The Daily Escape:
Evening mist, Southampton, MA – July 4, 2021 photo by Kendall Lavoie
“In 2016, a small-time drug dealer in Leesburg, Va., named Darnell Washington sold a customer a batch of what he thought was heroin. It turned out to be fentanyl. The customer shared it with a friend, and the friend died from an overdose….prosecutors have begun treating overdose deaths not as accidents but as crimes, using tough statutes to charge the dealers who sold the drugs. Mr. Washington had never met the person who overdosed. But, facing a mandatory minimum prison sentence of 20 years for distribution resulting in death, he pleaded guilty to the lesser charge of distribution and is now serving a 15-year sentence in federal prison.”
Shouldn’t that same level of criminal liability also be directed at Purdue Pharma, the company that makes OxyContin? After all, according to the US Department of Health and Human Services:
“More than 760,000 people have died since 1999 from a drug overdose. Two out of three drug overdose deaths in 2018 involved an opioid.”
And OxyContin is an opioid. It should be clear that the members of the billionaire Sackler family who own a controlling stake in Purdue, must also face the music. But, that isn’t happening. The Sacklers are likely to receive a sweeping grant of immunity from all litigation relating to their role in helping precipitate and prolong America’s opioid crisis. From NPR: (brackets by Wrongo)
“As part of the bankruptcy talks, they’ve [the Sacklers] offered to give up control of the company and pay roughly $4.2 billion. In exchange, under the current deal on the table, the Sacklers would keep much of their wealth, admit no wrongdoing and be sheltered from future opioid lawsuits.”
It’s interesting that state DAs and DOJ attorneys can charge dealers with drug induced homicide in overdose cases and yet can’t (or won’t) charge the executives or owners in the Purdue/Sackler case.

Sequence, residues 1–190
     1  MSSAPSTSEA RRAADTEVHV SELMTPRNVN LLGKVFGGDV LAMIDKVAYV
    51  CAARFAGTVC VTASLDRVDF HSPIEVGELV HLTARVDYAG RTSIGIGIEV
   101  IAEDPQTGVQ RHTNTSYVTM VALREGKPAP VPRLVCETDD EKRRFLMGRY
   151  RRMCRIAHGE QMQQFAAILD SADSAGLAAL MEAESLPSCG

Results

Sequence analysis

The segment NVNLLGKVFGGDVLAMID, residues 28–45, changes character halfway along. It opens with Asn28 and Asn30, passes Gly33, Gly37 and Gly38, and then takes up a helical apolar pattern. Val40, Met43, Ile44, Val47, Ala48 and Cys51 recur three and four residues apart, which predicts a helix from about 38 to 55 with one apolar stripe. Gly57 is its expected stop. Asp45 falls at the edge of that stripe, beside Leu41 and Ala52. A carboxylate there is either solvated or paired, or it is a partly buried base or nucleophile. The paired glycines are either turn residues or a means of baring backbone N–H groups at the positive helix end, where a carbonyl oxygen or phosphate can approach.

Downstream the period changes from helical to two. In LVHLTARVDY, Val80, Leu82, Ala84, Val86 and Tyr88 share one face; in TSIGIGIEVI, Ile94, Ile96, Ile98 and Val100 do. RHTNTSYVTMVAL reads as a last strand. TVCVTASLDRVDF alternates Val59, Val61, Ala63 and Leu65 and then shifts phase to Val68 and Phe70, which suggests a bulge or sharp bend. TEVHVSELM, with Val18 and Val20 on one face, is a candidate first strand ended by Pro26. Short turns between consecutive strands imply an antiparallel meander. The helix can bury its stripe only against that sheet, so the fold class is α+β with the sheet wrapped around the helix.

In October 2020, during the dying days of the Trump administration, the Sacklers reached a settlement agreement with the US DOJ. Forty states have now agreed to this plan, although significant holdouts remain. Connecticut has filed an objection to the bankruptcy exit plan and has been joined by eight other states: California, Delaware, the District of Columbia, Maryland, Oregon, Rhode Island, Vermont, and Washington.
According to the formal objection:
“…the attorneys general oppose a provision in the bankruptcy plan that would grant the Sacklers lifetime immunity from all liability, which would prevent the states from bringing consumer protection lawsuits against the family. And they highlighted a recent New York Times editorial that showed the Sacklers will continue to earn interest on their $4.3 billion as the settlement is paid out over nine years, thus ensuring they will be wealthier than they were when they started.”
In response, the Sacklers threatened a motion for sanctions against five of the dissenting states for allegedly false statements in the states’ proofs of claim, only to withdraw their 201 page motion the next day. That big memo probably cost a fortune for the lawyers to produce, but hey, it’s the Sacklers! More than anything, it shows that the Sacklers have no sense of contrition for their role in the OxyContin debacle.
There is still some reason to hope that the Bankruptcy Judge Robert Drain won’t agree to the blanket immunity for the Sacklers. This week, the DOJ made two separate court filings that raised Constitutional and other concerns about the settlement. From NPR:
“US Trustee William Harrington….accused the Sacklers and their associates of using the bankruptcy system to avoid liability for ‘alleged wrongdoing in concocting and perpetuating for profit one of the most severe public health crises ever experienced in the United States’”
Their argument is technical, and the saga is far from over. In the light of Harrington’s objections, and the arguments made by the state AG holdouts, it may be difficult for Judge Drain to sign off on the immunities as they now stand, especially since the Sacklers are retaining the bulk of their fortune, and that no individual executives were charged, even with misdemeanors.
Where’s the justice? What people really want, more than compensation for harm done to them, is justice. They want proof that the rich and their corporations can’t just commit crimes that harm or kill people on a massive scale, and then use their wealth and political connections to evade the consequences.
Worse, the victims won’t blame Purdue or the Sacklers if/when they’re betrayed. People expect companies or the wealthy to defend themselves to the best of their ability.
They will blame the government, for feigning helplessness in this case, just like they did with the banks in 2009.
And for allowing a separate standard of justice for the wealthy to prevail. Again.